Kohli, whose 235 in Mumbai has left him averaging 128.00 in the four matches so far, came into the series with a point to prove against England. In nine previous Tests against them, he averaged just 20.12 with a single score over 50.
He struggled particularly badly on the 2014 tour of England. With England frustrating him with a line outside off stump, he was drawn into dangerous, impatient strokes against the moving ball and ended the series with an average of just 13.40. Anderson dismissed him four times.
Speaking before the start of this series, Kohli said: “I can put it very simply as that was a phase I didn’t perform very well, and it happened to be England. Could have been any other country in the world. I just take it as a setback in my career, and not motivate myself in a way that I have to prove people wrong or have to do something special against a particular opposition. For me, I’m playing a cricket ball, be it any game, any opposition, anywhere in the world. Those things do not change for me so I don’t put those things in my head.”
Kohli has made his point even more eloquently with the bat. On the same surfaces on which England have, since Rajkot, struggled, he has two centuries and four others scores of 40 and above. He has consistently proved a significant obstacle for England and, having ensured his team would leave with a draw in the first Test, made centuries in Visakhapatnam and Mumbai.
Perhaps his best performance came in the second innings in Visakhapatnam, where he made 81 out of a total of 204 despite a pitch of uneven bounce and against an England attack gaining lateral movement with the ball. It was masterful batting and further evidence that Kohli is a vastly improved player since the last time he faced England.
Anderson, however, remains unconvinced. In an oddly ungracious assessment, he suggested that Kohli is not so much an improved batsman, as a batsman playing in conditions that do not exploit his “technical deficiencies”.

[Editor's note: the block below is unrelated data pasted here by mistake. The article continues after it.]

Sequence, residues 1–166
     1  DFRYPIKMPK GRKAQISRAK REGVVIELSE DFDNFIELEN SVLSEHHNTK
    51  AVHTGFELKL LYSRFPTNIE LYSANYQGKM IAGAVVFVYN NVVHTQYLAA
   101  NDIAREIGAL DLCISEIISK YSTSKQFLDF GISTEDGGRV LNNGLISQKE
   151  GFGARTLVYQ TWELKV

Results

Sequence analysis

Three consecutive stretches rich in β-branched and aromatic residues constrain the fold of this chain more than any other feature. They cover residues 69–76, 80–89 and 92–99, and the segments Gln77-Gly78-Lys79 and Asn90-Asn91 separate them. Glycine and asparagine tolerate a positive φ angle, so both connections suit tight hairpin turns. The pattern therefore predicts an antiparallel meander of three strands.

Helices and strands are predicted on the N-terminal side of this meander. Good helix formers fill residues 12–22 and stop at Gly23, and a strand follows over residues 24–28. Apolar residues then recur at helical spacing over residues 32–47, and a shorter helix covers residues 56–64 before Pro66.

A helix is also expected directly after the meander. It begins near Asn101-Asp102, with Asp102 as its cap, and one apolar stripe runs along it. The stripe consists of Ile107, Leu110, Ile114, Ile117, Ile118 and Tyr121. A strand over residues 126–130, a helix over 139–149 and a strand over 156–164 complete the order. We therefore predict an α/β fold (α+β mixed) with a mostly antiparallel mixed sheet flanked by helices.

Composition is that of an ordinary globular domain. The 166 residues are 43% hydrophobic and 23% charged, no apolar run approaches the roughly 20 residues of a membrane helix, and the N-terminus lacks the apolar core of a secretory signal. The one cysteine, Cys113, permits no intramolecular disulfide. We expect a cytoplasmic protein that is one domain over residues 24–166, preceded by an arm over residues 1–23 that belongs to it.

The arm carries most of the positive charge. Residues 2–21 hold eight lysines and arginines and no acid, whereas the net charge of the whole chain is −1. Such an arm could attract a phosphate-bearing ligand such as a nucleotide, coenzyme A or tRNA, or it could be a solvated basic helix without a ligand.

“I’m not sure he’s changed,” Anderson said. “I just think any technical deficiencies he’s got aren’t in play out here. The wickets just take that out of the equation.
“We had success against him in England, but the pace of the pitches over here just take any flaws he has out of the equation. There’s not that pace in the wicket to get the nicks, like we did against him in England with a bit more movement. Pitches like this suit him down to the ground.
“When that’s not there, he’s very much suited to playing in these conditions. He’s a very good player of spin and if you’re not bang on the money and don’t take your chances, he’ll punish you. We tried to stay patient against him, but he just waits and waits and waits. He just played really well.”
Anderson took a similarly unflattering view of India’s spinners. While R Ashwin and Ravindra Jadeja have 39 wickets between them in the series, Anderson said: “I’m not sure they’re too difficult to handle.”
He did admit, however, that England had endured their “worst morning of the tour from a bowling point of view” on the fourth day in Mumbai.
“It is immensely frustrating,” he said. “Coming to the ground this morning, we needed to get three wickets. If we could get them we’re still well in the game. Unfortunately we didn’t bowl as well as we could have first thing. The ball started flying around and then they got settled and managed to put on a big partnership.”
Despite going into the final day 49 runs behind and with only four wickets in hand, Anderson insisted that England still had a chance of the win they need to stay in the series.
“We’re going to come and try to fight our way back into this game if we can,” he said. “We’re 50 runs behind. If we can bat with the positive intent we showed today, there’s no reason why we can’t get a hundred ahead of them and then try to put some pressure on them with the ball.”